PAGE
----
SOURCE: Made By History at the Washington Post
by Kate Masur
New vote suppression bills in multiple states threaten to return the United States not to the Jim Crow era but to the period before the Civil War and Reconstruction when civil and political rights were protected or denied according to state politics.
SOURCE: American Civil War Museum
The presence of new citizens in the form of formerly enslaved people forced Congress to consider what citizenship and voting actually meant.
by Alan Singer
February 2020 is the 150th anniversary of the 15th Amendment to the United States Constitution declaring “The right of citizens of the United States to vote shall not be denied or abridged by the United States or by any State on account of race, color, or previous condition of servitude.”
SOURCE: NY Times
by Jamelle Bouie
The most radical Radical Republicans had a better idea of how to cast the 15th Amendment. We should have listened to them.
SOURCE: The Conversation
by Tiffany Mitchell Patterson
Here are some suggestions for educators and others interested in learning more about that time period.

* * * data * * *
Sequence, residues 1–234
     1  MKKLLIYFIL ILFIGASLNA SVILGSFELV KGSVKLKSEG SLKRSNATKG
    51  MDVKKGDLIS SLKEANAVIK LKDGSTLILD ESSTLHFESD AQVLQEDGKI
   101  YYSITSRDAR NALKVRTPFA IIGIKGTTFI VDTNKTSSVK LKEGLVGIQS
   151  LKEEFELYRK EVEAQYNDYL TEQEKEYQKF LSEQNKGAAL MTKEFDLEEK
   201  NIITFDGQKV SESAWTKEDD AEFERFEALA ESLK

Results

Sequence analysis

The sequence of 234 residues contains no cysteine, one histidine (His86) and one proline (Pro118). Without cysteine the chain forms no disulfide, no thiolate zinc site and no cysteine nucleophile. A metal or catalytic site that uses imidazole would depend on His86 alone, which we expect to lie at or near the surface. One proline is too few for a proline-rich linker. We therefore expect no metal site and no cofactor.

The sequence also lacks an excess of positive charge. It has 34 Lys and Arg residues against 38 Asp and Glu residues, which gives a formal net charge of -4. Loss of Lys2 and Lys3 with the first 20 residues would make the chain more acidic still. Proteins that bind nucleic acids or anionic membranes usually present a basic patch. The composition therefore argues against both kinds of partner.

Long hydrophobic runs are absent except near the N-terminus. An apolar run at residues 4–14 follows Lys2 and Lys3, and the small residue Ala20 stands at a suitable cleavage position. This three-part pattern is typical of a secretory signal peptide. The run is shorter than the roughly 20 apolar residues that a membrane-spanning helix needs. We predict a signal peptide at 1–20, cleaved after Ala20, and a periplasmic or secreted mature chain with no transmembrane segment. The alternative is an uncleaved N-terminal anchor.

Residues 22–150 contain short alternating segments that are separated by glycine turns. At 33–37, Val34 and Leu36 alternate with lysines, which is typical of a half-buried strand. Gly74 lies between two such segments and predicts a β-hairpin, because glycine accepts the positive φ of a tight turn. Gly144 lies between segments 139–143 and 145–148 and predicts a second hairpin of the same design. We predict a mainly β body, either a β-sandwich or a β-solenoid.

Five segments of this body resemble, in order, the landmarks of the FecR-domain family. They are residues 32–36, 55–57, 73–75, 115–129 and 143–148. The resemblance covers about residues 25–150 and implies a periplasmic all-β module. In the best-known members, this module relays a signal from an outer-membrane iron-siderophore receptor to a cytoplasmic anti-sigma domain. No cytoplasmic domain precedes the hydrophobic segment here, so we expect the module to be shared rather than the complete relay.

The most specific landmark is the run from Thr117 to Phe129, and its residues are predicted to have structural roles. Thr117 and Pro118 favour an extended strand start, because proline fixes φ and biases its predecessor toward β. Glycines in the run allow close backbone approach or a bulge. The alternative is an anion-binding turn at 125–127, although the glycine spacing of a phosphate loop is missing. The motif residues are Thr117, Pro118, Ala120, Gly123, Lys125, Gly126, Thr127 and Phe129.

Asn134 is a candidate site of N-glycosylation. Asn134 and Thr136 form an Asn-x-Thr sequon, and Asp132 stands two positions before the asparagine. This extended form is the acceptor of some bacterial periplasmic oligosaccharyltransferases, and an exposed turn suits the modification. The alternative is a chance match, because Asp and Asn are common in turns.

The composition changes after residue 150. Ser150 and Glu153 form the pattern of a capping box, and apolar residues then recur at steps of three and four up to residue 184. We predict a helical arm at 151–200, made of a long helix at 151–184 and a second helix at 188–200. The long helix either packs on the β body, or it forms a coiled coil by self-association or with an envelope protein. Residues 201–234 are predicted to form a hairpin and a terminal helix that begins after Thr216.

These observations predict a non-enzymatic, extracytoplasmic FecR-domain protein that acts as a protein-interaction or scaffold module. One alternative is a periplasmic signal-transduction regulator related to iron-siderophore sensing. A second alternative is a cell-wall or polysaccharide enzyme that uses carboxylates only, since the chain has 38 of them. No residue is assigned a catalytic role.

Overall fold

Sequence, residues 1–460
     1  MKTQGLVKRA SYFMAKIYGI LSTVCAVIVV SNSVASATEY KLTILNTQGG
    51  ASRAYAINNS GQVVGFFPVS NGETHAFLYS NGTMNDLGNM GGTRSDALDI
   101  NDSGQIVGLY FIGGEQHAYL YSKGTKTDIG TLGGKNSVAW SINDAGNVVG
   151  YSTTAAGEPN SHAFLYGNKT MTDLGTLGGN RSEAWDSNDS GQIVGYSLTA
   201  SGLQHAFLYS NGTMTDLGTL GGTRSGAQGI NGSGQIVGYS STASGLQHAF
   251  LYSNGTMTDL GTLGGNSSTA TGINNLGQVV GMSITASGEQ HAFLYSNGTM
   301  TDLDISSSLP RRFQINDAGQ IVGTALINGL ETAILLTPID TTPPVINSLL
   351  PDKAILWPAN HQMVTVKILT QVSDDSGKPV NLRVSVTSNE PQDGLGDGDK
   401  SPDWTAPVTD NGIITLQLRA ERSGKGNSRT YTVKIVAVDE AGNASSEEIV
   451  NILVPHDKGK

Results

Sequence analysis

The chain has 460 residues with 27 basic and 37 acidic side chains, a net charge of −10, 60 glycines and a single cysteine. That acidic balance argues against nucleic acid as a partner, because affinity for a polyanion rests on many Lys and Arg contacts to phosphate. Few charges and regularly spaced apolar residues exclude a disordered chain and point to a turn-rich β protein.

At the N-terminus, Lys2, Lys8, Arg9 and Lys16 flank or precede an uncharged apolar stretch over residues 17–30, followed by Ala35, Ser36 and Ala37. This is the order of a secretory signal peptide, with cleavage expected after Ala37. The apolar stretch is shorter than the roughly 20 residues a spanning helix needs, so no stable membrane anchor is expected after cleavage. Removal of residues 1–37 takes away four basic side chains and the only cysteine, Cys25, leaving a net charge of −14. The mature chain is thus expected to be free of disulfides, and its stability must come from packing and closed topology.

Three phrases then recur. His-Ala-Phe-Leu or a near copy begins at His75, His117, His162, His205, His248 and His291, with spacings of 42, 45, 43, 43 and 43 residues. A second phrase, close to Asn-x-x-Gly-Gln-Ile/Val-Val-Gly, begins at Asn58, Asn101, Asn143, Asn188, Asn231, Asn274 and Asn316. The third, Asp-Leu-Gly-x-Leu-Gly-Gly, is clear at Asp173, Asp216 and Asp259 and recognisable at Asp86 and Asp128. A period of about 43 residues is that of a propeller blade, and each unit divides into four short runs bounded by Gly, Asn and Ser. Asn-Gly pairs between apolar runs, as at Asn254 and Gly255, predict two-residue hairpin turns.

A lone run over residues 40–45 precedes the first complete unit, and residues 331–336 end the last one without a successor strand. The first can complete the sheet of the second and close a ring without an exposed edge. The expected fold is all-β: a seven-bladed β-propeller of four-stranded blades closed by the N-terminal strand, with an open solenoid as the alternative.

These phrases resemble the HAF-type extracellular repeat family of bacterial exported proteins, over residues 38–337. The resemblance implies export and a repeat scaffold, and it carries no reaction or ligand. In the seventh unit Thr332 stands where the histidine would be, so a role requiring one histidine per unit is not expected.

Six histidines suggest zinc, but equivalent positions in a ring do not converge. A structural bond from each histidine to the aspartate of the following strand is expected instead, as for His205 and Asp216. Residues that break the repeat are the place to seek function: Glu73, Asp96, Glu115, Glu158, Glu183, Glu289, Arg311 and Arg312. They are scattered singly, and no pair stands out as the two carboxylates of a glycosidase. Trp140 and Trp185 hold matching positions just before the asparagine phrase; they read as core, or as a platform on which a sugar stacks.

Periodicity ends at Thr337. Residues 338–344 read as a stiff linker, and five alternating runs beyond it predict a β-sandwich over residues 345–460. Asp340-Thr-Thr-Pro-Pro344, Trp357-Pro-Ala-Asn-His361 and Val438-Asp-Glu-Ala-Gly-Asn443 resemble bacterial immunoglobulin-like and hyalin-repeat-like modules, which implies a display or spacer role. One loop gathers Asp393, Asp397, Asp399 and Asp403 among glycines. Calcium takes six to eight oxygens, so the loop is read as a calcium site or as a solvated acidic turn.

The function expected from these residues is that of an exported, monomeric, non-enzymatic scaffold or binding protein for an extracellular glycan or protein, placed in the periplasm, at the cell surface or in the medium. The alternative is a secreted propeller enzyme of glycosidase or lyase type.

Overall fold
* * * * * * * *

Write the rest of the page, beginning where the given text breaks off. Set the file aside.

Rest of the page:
- With Students Back on Campus, Faculty Push Back Against COVID Policies They Consider Inadequate
- How Hong Kong's Elite Have Embraced a Shifting Narrative on Tiananmen Square
- Discovery of Human Footprints Pushes Back Date of Earliest Humans in Americas
- Ghana, WEB DuBois Museum Foundation to Partner on Museum, Research Center
- George Holliday Dies at 61, Taped LAPD Beating of Rodney King
- Charles Sellers, 98, Historian Who Upset the Postwar Consensus, Dies
- The Curious Task of Preserving Darwin's Beans and Butterflies
- Local Professor Building History of San Diego's Japanese Americans
- Art History Prof. Recognizes Lost Masterpiece in Local Church
- Rebel is Right: Reassessing the Cultural Revolution